Laboratory Tests

Breath test: A breath test may be ordered to investigate the possibility of bacterial overgrowth in the small intestine.

Stool test: A stool test may be performed to probe for bacterial growth and the presence of parasites.

Lactose tolerance test: This test helps to determine if there may be a lactose intolerance or gluten allergy.

What Are the Complications of Irritable Bowel Syndrome?

Complications of IBS are limited, but they can have a significant impact on your daily life. Complications include:

Hemorrhoids: chronic constipation or diarrhea can cause hemorrhoids.

Mood disorders: People suffering from IBS symptoms may experience anxiety or depression. Conversely, anxiety and depression may also make IBS symptoms worse.

Poor quality of life: Individuals who suffer from moderate to severe IBS report poor quality of life. Research reveals that people with IBS miss three times as many days of work as those without an IBS diagnosis.

What Are the Treatments for Irritable Bowel Syndrome?

Treatment for IBS is based solely on relieving symptoms. Mild symptoms are often relieved by managing stress and making lifestyle and diet changes. Diet and lifestyle changes include:

Getting regular exercise.

Getting enough sleep.

Eating high-fiber foods.

Avoiding foods that trigger symptoms.

Drinking plenty of fluids.

Upon evaluation, your doctor might also suggest that you eliminate certain foods from your diet:

Gluten: Studies show that IBS patients experience an improvement in diarrhea symptoms when they stop eating gluten, even if they do not have a diagnosis of celiac disease. Some examples of foods that contain gluten are wheat, rye, and barley.

High-gas foods: Individuals who experience gas or bloating may be advised to eliminate items such as alcoholic beverages, carbonated drinks, and specific foods that may lead to increased gas production.

FODMAPs: Fermentable, oligosaccharides, disaccharides, monosaccharides, and polyols are a group of carbohydrates to which many people show sensitivity. This group includes fructans, fructose, lactose, and others. FODMAPs are found in certain vegetables, grains, and dairy products. However, prolonged dietary restrictions should be used cautiously, as they may cause nutritional deficiencies and alter the colonic microorganisms.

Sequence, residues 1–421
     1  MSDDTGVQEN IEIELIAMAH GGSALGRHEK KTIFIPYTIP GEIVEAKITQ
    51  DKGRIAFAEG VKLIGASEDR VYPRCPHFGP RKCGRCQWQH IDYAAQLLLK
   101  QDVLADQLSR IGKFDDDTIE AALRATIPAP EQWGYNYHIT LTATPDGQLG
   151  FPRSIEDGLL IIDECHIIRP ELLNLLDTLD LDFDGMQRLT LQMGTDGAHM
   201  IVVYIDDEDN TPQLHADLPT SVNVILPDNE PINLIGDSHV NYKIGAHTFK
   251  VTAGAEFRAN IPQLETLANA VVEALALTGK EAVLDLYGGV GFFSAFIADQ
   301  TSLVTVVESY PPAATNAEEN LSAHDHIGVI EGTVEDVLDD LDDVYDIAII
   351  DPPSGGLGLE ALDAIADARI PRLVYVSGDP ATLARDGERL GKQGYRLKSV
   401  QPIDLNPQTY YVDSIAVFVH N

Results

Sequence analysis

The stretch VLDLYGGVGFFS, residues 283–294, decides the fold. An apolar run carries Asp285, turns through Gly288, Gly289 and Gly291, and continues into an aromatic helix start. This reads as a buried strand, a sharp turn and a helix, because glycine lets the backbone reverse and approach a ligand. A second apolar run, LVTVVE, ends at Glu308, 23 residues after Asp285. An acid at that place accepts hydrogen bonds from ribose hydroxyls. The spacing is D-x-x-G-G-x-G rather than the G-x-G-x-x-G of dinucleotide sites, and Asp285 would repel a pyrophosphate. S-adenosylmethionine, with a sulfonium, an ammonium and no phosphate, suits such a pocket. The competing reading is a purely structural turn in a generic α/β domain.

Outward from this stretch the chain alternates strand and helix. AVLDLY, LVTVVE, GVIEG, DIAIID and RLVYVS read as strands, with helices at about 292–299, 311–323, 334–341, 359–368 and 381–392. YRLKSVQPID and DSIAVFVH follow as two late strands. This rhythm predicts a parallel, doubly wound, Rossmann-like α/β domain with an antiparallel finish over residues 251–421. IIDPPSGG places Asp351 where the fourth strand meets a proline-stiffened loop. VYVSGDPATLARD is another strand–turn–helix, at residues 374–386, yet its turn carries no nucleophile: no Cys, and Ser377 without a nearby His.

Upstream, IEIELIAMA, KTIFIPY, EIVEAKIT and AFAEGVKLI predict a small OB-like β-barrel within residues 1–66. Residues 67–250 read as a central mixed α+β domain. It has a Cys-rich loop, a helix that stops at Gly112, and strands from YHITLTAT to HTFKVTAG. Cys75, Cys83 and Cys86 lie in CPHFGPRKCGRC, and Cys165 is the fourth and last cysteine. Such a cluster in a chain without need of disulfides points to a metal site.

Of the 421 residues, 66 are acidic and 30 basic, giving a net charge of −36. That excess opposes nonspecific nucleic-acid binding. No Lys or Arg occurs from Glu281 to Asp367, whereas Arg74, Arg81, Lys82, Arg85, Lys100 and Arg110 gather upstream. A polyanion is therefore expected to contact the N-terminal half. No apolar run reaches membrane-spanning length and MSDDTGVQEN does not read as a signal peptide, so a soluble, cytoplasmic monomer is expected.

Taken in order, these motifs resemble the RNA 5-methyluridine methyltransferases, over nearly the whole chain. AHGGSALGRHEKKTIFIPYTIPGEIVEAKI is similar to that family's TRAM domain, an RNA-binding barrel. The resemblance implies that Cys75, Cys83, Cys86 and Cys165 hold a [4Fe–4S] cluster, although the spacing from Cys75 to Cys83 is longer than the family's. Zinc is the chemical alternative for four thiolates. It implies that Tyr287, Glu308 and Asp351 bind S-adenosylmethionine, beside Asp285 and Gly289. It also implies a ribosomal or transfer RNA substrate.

Medications

Based on your diet, your physician may recommend supplements and/or medication management to further support symptom relief. These recommendations might include:

Fiber supplements: Taking a fiber supplement such as psyllium husk alongside increased fluids may help manage constipation.

Laxatives: When fiber doesn’t relieve constipation, your physician may recommend over-the-counter laxatives, such as polyethylene glycol.

Anti-diarrheal medications: Medications such as loperamide can help control diarrhea. Your physician may also prescribe a bile acid binder, such as cholestyramine or colestipol.

Anticholinergic medications: These medications are often prescribed for people who suffer from painful bowel spasms and bouts of diarrhea. Medications such as dicyclomine are generally safe but can cause dry mouth, constipation, and blurred vision.

Tricyclic antidepressants: This type of medication is often used to relieve depression, but it also stalls the activity of neurons that control the intestines, which could help reduce abdominal pain. When IBS patients have abdominal pain and diarrhea without depression, their physician may recommend a lower-than-standard dose of imipramine, desipramine, or nortriptyline.

Pain medications: Medication that controls pain such as pregabalin and gabapentin may reduce severe abdominal pain and bloating.

Medications Specifically Approved for IBS

In severe cases of IBS or when other treatment modalities have failed, your physician may recommend medications that were specifically designed and approved for IBS. These medications include:

Alosetron: This medication was created to relax the colon and slow the movement of waste through the lower bowel. It is intended for use in only severe cases of diarrhea-predominant IBS in women who haven’t responded to other treatments. Alosetron is not approved for men and can only be prescribed by certain providers.

Eluxadoline: This medication is used to ease diarrhea symptoms by reducing fluid secretion and muscle contractions in the intestine. It may also help increase muscle tone in the rectum. This drug works via opioid receptors contained within the gut. Its addiction potential is low.

Rifaximin: This is an antibiotic that is used to reduce diarrhea and bacterial overgrowth.

Lubiprostone: This medication is used to increase fluid secretion in your small intestine to assist with the passage of stool. Lubiprostone is approved for women who have IBS-C only and is typically prescribed only for those with severe symptoms that haven’t responded to other treatment modalities.

Linaclotide: This medication is used to increase the fluid secretion in your small intestine, helping with the passage of stool.

(TheEpochTimes.com)